Class Warfare Blog

October 27, 2016

Good Science, Bad Science

This link is to a blog post that shows one aspect of our public health science that went wrong and is still not fixed (The Calorie Debacle). “Public science” is science mixed with politics. A very obvious example of this is the so-called “food pyramids” (USDA Nutrition Guides) we were shown as children. These were basic guides as to what to eat to be healthy. They were also heavily politicized by food industry lobbies. So, a governmental committee of scientists would come up with guidelines and then during a “review” stage bureaucrats would be pushed and shoved by lobbies to make changes, often substantial ones. An easy example is “dairy products.” No mammal “needs” dairy products after they have been weaned. But these nutrition guides always contained a substantial recommendation regarding the consumption of dairy products. Why? Well, the dairy industry was very powerful and the science was weak.usda_-_basic_7_food_groups

“The truth of the matter is we do not know what should be eaten to maintain good health.”

The truth of the matter is we do not know what should be eaten to maintain good health other than food recently prepared from fresh ingredients is generally healthier than processed foods. We also know that a wide variety of foods tends to be healthier than a very narrow diet (Morgan Spurlock’s movie Super Size Me being an example of what happens to someone who confines their diet).

We are primed to learn from stories and those of us who are overweight (including me) are attracted to quick weight loss schemes because they are: a) easy, and b) fast. They are also ineffective. These “schemes” are sold through the telling of stories. I am bombarded by Internet ads for weight loss schemes and they are larded (a carefully chosen word) with “before and after” photos of real people who have lost weight under the scheme. But the same is true for all of the other schemes and if they all “work” why is there an obesity epidemic? If you answer that “the spirit is willing but the flesh is weak” you are falling into the “blame the victim” trap. People were exercising more and eating according to the guidelines (less fat, more vegetables, etc.) like crazy as our body weights spiraled out of control. We are now starting to realize our errors and correct our mistakes, but standing in the way of more rapid progress are our “friends” in the food lobbies.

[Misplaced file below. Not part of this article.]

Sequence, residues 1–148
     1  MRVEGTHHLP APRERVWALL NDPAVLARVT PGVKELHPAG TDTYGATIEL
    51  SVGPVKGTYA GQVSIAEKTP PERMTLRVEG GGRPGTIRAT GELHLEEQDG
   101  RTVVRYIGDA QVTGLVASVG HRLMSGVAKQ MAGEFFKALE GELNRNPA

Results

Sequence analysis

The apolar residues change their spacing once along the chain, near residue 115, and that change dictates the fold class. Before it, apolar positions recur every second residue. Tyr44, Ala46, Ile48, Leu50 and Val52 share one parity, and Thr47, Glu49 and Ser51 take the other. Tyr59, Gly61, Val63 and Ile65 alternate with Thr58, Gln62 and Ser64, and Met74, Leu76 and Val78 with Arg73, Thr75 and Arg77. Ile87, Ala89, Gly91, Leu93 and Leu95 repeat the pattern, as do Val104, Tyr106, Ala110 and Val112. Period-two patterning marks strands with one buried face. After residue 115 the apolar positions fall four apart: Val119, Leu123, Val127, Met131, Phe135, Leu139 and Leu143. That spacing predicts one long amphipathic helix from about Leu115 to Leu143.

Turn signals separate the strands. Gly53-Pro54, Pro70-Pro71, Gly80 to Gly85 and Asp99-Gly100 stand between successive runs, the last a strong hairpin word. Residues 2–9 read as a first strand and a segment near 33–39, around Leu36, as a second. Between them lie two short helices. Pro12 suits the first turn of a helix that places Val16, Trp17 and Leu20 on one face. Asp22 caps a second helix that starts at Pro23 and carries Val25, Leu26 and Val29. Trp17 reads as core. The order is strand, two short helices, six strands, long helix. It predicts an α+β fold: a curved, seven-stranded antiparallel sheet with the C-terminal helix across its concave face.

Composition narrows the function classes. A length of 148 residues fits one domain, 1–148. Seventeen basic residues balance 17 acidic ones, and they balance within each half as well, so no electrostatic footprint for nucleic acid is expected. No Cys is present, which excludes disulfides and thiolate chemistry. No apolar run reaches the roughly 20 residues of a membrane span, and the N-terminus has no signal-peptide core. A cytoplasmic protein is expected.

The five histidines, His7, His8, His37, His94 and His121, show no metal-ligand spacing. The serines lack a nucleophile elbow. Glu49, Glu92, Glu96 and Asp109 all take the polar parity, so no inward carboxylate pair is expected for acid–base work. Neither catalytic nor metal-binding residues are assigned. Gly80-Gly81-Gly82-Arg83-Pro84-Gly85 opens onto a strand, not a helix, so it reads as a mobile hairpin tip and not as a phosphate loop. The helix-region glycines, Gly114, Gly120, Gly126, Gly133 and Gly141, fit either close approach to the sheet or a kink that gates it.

If you want a detailed source of what went wrong in the public health recommendations regarding diet, read “Good Calories, Bad Calories” by Gary Taube.

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5 Comments »

  1. I’m glad to see that you have a healthy skepticism about weight-loss schemes. That will save you a lot of hassle for nothing in the long run, definitely.

    However: there is a way to be healthy. It’s true, people muddle the facts. Things are distorted and hard to follow, but real knowledge is out there. Try this:

    http://www.bodyrecomposition.com

    While I’d love to link to my own blog, the knowledge on it isn’t nearly as comprehensive as the knowledge on Lyle McDonald’s site. Good luck man.

    Like

    Comment by dobetterfitness — October 27, 2016 @ 9:50 am | Reply

  2. Timely post. For just these reasons the Minister of Health announced the Canada Food Guide is being completely revamped.

    Like

    Comment by tildeb — October 27, 2016 @ 9:56 am | Reply

    • It will be interesting to see if it is merely different or actually better. I wonder if they have done studies to see if anyone pays any attention to their recommendations at all.

      On Thu, Oct 27, 2016 at 9:56 AM, Class Warfare Blog wrote:

      >

      Like

      Comment by Steve Ruis — October 27, 2016 @ 10:00 am | Reply

  3. Pass the damn bacon!

    The food pyramid thing isn’t perfect I’ll grant you that, but it is a guideline. I think its intent was to explain to people that a more complex diet is better than eating at McDonalds six days a week.

    IOW, while we may not be sure exactly of what a great diet is, we have some indications as to what a bad diet is.

    I am sure though it is high time to revamp the guideline. With detailed, accurate, up to date information.

    Testimonials are worthless without knowing for sure that plan x or product x is what actually contributed to a positive outcome. I see a commercial claiming a person goes from flab to ripped in only 6 weeks! And I think anyone can do that without product x if they commit to a robust exercise plan. Product x is a gimmick. You aren’t going to quit smoking unless you really want to. You aren’t going to lose weight unless you commit to the proposition. And I could lose a few pounds myself 🙂

    Like

    Comment by shelldigger — October 28, 2016 @ 6:04 am | Reply


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